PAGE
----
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Bug #68105 Switch shouldn't show notices for undefined variables
Submitted: 2014-09-26 08:25 UTC Modified: 2014-09-27 01:14 UTC
Votes:2
Avg. Score:4.0 ± 1.0
Reproduced:1 of 2 (50.0%)
Same Version:0 (0.0%)
Same OS:0 (0.0%)
From: jacob87 at o2 dot pl Assigned:
Status: Wont fix Package: Output Control
PHP Version: 5.5.17 OS:
Private report: No CVE-ID: None
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 [2014-09-26 08:25 UTC] jacob87 at o2 dot pl
Description:
------------
Switch should not show notices about undefined variables, as it can have it's default action. 

So, the notice shouldn't show up if switch has default action (best implementation). 

Or not show notices at all (easier).


You could say "just turn off notices in production environment". That is not the case. In development environment some scripts can fail because of "Headers already sent". And I don't want to write redundant code such as if(!isset($var))$var='';

Test script:
---------------
switch($action){
  default:
  echo 'This shouldn't show a notice!';
  break;
}

Expected result:
----------------
This shouldn't show a notice!

Actual result:
--------------
Notice: Undefined variable: action in (...)

This shouldn't show a notice!

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 [2014-09-26 09:17 UTC] requinix@php.net
-Status: Open +Status: Wont fix
 [2014-09-26 09:17 UTC] requinix@php.net
Doing so would cause much harm for very little good. The variable is undefined so don't try to use it, period. It's a simple rule that's very easy to follow.
 [2014-09-26 23:03 UTC] jacob87 at o2 dot pl
What kind of harm whould that possibly do?! 

If switch has default value, it should be the same as default value for function! 

Please, consider this once again.
 [2014-09-27 01:14 UTC] requinix@php.net
Like the default value for a function? You mean
  function example($foo = 123) { }
  example($bar);
Because that will raise a warning too. Besides, $foo will be null, not the default value of 123.

1. switch's default handles when the value you use was not listed in one of the cases. There still has to be a value. If you try to specify that value with a variable that doesn't exist then PHP should warn you about that like it does everywhere else.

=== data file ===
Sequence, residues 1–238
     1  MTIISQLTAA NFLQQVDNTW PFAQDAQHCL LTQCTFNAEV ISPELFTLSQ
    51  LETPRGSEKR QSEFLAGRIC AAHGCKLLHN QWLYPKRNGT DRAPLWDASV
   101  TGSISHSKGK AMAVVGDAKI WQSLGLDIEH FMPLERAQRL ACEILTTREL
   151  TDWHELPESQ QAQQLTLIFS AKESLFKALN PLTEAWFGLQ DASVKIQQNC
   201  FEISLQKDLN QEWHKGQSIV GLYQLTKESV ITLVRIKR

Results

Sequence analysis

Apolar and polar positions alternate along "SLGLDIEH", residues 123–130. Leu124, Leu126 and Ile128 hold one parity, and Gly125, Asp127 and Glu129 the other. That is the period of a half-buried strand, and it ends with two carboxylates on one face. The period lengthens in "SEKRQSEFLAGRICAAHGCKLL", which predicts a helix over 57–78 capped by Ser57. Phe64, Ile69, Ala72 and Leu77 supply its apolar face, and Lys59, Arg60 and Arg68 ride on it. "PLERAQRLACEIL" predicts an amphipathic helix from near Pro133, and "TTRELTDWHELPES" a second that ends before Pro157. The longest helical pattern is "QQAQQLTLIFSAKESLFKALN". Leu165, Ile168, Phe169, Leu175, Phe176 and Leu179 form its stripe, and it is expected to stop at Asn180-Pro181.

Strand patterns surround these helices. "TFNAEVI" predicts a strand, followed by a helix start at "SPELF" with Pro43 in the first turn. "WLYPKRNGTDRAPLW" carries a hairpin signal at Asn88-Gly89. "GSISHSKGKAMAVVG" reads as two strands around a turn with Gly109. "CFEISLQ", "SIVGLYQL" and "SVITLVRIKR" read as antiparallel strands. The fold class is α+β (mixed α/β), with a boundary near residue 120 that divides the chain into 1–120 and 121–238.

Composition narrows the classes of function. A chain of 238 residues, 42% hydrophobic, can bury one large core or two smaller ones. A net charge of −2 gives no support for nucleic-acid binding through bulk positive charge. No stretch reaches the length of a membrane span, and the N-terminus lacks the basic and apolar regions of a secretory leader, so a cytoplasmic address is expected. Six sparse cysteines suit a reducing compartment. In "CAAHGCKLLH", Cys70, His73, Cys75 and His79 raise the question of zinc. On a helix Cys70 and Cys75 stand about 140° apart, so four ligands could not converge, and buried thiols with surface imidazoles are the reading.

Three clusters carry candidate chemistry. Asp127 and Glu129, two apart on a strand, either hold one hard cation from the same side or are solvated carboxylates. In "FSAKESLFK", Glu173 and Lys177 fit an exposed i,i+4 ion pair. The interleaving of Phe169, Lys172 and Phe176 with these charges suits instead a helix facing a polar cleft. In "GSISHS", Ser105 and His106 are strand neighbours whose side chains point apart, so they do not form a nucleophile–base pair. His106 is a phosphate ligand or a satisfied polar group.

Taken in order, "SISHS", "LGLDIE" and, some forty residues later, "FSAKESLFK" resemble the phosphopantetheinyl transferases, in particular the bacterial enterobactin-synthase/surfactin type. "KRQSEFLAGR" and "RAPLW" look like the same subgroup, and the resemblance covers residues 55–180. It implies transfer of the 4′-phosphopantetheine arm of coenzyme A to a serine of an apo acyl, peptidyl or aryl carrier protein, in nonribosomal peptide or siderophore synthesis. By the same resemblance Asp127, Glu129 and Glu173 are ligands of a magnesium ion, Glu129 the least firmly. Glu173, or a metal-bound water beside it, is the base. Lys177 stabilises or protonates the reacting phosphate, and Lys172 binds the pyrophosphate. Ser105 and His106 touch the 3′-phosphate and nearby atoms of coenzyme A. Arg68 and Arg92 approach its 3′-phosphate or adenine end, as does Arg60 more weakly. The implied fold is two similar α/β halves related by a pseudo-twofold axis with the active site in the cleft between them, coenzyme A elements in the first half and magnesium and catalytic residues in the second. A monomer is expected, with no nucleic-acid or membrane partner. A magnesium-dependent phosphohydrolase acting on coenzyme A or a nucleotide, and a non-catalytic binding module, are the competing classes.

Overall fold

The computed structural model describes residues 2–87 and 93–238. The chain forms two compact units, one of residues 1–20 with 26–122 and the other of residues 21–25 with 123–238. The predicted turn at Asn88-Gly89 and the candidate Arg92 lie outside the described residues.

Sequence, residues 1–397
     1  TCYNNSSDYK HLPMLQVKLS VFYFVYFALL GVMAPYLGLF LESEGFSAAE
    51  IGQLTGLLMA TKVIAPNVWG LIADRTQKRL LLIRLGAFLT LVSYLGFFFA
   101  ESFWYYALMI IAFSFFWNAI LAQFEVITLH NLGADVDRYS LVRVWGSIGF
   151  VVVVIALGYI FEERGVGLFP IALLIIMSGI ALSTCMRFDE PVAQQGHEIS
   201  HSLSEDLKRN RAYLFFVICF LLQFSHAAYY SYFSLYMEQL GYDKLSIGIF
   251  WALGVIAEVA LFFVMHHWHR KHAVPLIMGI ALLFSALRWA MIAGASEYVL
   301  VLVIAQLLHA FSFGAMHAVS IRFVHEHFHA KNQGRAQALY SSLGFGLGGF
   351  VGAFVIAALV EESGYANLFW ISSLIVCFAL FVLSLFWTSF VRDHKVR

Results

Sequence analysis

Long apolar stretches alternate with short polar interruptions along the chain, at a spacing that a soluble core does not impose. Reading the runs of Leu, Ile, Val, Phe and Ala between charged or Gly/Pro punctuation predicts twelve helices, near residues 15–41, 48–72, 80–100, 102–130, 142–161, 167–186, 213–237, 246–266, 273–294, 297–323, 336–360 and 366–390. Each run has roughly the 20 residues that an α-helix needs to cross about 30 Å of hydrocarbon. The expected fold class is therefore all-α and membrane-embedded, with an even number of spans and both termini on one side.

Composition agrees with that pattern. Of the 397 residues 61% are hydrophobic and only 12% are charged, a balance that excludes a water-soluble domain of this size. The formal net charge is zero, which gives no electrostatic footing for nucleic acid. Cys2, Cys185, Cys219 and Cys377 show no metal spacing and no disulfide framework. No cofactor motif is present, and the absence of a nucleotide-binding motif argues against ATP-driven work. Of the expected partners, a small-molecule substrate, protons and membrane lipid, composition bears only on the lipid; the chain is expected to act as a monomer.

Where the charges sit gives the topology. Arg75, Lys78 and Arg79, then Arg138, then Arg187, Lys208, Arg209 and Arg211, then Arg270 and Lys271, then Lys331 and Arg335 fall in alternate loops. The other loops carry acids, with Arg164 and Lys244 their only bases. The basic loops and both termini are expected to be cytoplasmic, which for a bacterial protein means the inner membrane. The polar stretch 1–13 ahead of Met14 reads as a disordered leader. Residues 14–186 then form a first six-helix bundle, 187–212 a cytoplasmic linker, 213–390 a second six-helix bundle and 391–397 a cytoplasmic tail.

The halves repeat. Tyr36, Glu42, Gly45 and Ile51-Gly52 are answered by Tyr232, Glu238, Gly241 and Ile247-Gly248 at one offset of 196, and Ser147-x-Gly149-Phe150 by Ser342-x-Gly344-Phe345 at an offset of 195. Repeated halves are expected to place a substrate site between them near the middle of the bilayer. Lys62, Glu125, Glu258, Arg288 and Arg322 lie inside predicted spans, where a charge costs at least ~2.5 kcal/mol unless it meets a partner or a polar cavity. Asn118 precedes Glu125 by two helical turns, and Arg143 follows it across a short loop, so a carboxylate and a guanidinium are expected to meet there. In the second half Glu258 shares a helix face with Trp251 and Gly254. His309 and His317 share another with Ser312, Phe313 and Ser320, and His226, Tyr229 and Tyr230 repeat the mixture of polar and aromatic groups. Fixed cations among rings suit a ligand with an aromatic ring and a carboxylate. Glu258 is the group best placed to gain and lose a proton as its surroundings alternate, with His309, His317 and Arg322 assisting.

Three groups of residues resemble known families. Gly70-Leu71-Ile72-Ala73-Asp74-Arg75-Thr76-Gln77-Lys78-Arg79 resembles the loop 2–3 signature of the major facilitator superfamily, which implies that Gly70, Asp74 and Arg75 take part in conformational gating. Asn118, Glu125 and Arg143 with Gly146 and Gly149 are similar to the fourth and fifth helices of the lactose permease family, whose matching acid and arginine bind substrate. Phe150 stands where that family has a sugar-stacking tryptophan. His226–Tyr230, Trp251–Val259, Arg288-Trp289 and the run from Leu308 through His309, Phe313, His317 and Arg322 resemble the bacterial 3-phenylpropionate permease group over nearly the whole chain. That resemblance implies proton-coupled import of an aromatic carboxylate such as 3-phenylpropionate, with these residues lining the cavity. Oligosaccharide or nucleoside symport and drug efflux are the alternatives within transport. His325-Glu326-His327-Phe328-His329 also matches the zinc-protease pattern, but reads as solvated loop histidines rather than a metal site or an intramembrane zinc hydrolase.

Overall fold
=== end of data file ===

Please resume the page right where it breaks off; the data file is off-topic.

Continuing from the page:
2. switch is a glorified if/else tree. Putting aside that there is no if/else equivalent to a switch with only a default, which is fine because it would be utterly pointless to use anyway, the if equivalent to a switch is of the form
  if ($action == "value 1") { ... }
  else if ($action == "value 2") { ... }
  else { ... }
That will also throw warnings because, despite there being a "default" at the end, PHP still needed to know the value of $action for the rest of the conditions.
The more technical and precise equivalent is actually
  $temp = $action;
  if ($temp == "value 1") { ... }
  else if ($temp == "value 2") { ... } // etc
  else { ... }
where $temp is used to avoid re-evaluating the expression (eg, function calls), but that really just cuts the number of warnings down to one on that first line.

3. It would be horribly inconsistent if PHP did not warn in this one special circumstance. So either we make the warnings less frequent, where the only consistent solution is to remove them entirely (or else you're stuck with remembering where the warnings are used and not used), or more frequent, where we don't do this thing.

4. What you seem to be missing is that the warnings are good. This is the most important point. Those warnings indicate a problem in your code: there is a logical error if you do not allow a value to be set but then try to test that value later on. That should be fixed instead of altering the language to make the warnings easier to cover up.

5. It is trivial for you to avoid the warning:
a) The best course of action is to not test an undefined variable. This could be as simple as setting a default value at the start of the code, or you can move your switch around so that it only executes when you know the variable was defined.
b) Use isset(), even though you said it was "redundant". Speaking of, I don't see how it's redundant because it's taking an action that you hadn't taken yourself.
c) Error suppression operator. It's almost always a Bad Idea to use it, but it is available.

And finally, if your problem is actually output before headers then use error_log (or custom error handling routines) to write to a file. You should still fix the warnings raised, of course, but at least your code will work until you do.
 
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